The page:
Digital Signage: Even Eye Candy Technology Can Be Effective When There's a Strategy Behind It
There can be a fine line between technology that's not much more than eye candy, and something that's useful and appropriate to the application.
If you have been around AV and digital signage for a while, you will have seen any number of head-scratcher video walls and other display projects. These jobs tend to be led by some sort of need to have a big video wall or other device in place, but no real thought around content or strategy. This happens not only with big LCD and LED video walls, but also with much more diminutive projects.
I mention this because I have watched for years now as crowds have gathered at trade shows around the exhibits of vendors selling those spinning LED light wands, as single units and then as synced multi-unit displays that produce larger visuals. They get marketed as 3D visuals and called holograms, though the people who really know hologram technology would roll their eyes. Technology markets have a well-established appetite for misappropriating terminology and stretching truths (we've all looked at displays marketed as seamless, that had seams!)
The LED blades are interesting to see, for sure, but they may have a very short shelf life on viewer interest, depending upon how they get schemed in and used. A bunch of them is just a bigger, slightly hazy visual that in most cases would be better done with a bright, crisp LCD, OLED, or LED display.
BUT ... I have seen some examples lately of these light wand thingies being used very effectively - making the case yet again that strategy and creativity should drive AV decisions, not a desire to use a specific kind of technology.
The designers cleverly use the key advantages of the devices - their transparency and the minimal rear footprint of the rotor, and the stand or mount. So visuals can just kind of appear and disappear in a way that's not as workable with solid displays with rectangular shapes and frames.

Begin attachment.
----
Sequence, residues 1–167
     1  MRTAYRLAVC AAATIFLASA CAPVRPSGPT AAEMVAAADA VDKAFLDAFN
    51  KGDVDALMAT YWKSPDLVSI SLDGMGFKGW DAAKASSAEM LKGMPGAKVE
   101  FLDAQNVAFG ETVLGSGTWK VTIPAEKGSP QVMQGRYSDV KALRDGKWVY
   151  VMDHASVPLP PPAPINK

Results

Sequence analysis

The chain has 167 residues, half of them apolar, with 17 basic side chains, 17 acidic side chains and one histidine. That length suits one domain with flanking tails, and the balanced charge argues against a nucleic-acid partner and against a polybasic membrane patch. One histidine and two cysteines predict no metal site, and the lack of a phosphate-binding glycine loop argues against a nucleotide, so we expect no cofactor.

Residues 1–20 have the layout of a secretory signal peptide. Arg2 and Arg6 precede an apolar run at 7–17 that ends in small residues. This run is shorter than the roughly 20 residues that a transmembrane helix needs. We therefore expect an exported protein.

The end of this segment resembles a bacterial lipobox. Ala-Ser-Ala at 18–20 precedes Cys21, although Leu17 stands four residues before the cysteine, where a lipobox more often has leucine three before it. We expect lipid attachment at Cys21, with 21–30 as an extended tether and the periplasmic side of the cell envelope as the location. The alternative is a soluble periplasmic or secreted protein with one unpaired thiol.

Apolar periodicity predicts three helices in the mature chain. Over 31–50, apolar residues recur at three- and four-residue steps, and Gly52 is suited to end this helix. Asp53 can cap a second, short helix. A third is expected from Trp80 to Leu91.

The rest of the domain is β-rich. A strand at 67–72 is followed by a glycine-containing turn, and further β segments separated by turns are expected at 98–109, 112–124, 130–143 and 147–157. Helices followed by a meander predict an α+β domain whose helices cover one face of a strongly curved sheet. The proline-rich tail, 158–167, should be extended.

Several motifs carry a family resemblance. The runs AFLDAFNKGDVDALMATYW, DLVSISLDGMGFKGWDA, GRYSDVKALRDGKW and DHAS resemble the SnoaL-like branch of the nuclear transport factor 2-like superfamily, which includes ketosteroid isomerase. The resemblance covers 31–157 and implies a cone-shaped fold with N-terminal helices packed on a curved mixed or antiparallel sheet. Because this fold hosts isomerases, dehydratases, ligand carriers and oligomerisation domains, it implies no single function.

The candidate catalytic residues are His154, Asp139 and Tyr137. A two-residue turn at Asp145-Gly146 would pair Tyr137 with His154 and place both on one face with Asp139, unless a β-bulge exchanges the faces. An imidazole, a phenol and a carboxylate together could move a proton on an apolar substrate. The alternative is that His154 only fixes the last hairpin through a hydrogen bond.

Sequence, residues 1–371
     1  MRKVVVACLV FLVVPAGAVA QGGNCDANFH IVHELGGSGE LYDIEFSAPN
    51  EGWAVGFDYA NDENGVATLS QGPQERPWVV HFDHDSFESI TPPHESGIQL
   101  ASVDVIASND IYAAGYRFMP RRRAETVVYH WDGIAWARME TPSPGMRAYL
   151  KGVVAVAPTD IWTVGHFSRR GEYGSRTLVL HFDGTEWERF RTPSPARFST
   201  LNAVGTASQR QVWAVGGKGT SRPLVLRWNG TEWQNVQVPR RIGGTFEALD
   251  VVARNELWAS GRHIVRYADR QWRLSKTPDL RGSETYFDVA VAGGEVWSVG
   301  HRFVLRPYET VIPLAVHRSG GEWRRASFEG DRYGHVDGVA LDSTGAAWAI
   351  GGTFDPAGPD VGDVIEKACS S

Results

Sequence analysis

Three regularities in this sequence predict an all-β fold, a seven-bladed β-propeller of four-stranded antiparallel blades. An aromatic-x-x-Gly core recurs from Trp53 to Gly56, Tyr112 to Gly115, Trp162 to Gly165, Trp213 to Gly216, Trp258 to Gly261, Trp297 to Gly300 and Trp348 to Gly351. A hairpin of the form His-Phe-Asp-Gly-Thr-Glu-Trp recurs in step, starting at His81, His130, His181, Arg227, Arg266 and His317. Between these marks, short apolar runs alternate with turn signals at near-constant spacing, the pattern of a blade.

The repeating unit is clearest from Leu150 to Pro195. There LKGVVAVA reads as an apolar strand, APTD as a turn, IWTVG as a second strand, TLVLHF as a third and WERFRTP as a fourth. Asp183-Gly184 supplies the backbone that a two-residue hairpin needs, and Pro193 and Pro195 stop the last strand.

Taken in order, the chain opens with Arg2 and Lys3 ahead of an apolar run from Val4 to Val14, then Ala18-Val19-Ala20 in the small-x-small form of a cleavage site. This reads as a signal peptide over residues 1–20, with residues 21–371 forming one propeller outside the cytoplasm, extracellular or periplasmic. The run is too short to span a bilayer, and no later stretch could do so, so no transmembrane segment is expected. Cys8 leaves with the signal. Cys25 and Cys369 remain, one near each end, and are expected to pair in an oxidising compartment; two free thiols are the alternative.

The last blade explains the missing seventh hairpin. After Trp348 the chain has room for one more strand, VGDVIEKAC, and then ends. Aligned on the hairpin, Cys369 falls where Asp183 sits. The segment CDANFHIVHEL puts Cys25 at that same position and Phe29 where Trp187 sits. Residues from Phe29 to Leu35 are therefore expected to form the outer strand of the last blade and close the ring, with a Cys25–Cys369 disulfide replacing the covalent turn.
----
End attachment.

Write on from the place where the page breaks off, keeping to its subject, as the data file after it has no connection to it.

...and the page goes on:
For example, a Lebanese live events company worked with the consumer devices firm Dyson on a shopping mall window display in Dubai that makes visuals appear immediately beside a merchandising display for a high-end Dyson air purifier, with the animation delivered on the light blades - showing how it captures harmful pollutants and automatically cleans a whole room, with clean fresh air flowing out of the device.
The window display plays to the whole notion of airborne particles very effectively, because the visuals do just kind of hang in the air by the product.
The Dallas solutions provider Glass Media did a different job for retailer Neiman-Marcus, for a floral-themed window display. Print graphics on the window are supplemented by big flowers that just materialize from the light blades.
In a very different twist, a Dubai bar's outdoor lounge has a set of virtual tropical birds and butterflies that materialize around the palm trees that flank the seating area. It works well because it is unexpected, and doesn't scream look at me!!! It's just part of the venue's overall experience.
All three are good examples of service providers and their clients thinking through the business need and environment, and coming up with the visuals that hit whatever objective was established.
Compare that to jobs where this kind of technology - or any number of other eye-candy display visuals - is acquired and deployed, and ONLY THEN do people start talking about why's it's there and what to show on it.
It's the difference between creating a little surprise and delight in a window or other scenario or putting up something that's outside the technology norm and hoping the people will even notice it. In almost every instance, digital signage works best when strategy and creative lead, and then the people behind the project look for the best technology for the job.
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